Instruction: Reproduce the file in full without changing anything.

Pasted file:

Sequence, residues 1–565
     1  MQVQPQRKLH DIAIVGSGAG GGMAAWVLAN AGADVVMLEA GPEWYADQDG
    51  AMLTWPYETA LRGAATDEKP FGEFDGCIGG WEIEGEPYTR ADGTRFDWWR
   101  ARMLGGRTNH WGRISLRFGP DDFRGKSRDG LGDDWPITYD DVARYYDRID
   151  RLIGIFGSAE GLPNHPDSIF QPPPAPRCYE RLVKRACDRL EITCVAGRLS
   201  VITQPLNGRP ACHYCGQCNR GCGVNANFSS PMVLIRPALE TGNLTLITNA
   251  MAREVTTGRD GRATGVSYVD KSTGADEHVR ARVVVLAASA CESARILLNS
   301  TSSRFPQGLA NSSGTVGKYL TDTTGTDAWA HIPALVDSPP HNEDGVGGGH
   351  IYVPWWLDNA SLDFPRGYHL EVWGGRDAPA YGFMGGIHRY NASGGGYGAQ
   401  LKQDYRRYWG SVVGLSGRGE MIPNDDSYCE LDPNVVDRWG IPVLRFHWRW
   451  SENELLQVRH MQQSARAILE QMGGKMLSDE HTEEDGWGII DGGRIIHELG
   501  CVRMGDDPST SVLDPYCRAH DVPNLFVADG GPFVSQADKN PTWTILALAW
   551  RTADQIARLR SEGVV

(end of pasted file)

Sequence, residues 1–565
     1  MQVQPQRKLH DIAIVGSGAG GGMAAWVLAN AGADVVMLEA GPEWYADQDG
    51  AMLTWPYETA LRGAATDEKP FGEFDGCIGG WEIEGEPYTR ADGTRFDWWR
   101  ARMLGGRTNH WGRISLRFGP DDFRGKSRDG LGDDWPITYD DVARYYDRID
   151  RLIGIFGSAE GLPNHPDSIF QPPPAPRCYE RLVKRACDRL EITCVAGRLS
   201  VITQPLNGRP ACHYCGQCNR GCGVNANFSS PMVLIRPALE TGNLTLITNA
   251  MAREVTTGRD GRATGVSYVD KSTGADEHVR ARVVVLAASA CESARILLNS
   301  TSSRFPQGLA NSSGTVGKYL TDTTGTDAWA HIPALVDSPP HNEDGVGGGH
   351  IYVPWWLDNA SLDFPRGYHL EVWGGRDAPA YGFMGGIHRY NASGGGYGAQ
   401  LKQDYRRYWG SVVGLSGRGE MIPNDDSYCE LDPNVVDRWG IPVLRFHWRW
   451  SENELLQVRH MQQSARAILE QMGGKMLSDE HTEEDGWGII DGGRIIHELG
   501  CVRMGDDPST SVLDPYCRAH DVPNLFVADG GPFVSQADKN PTWTILALAW
   551  RTADQIARLR SEGVV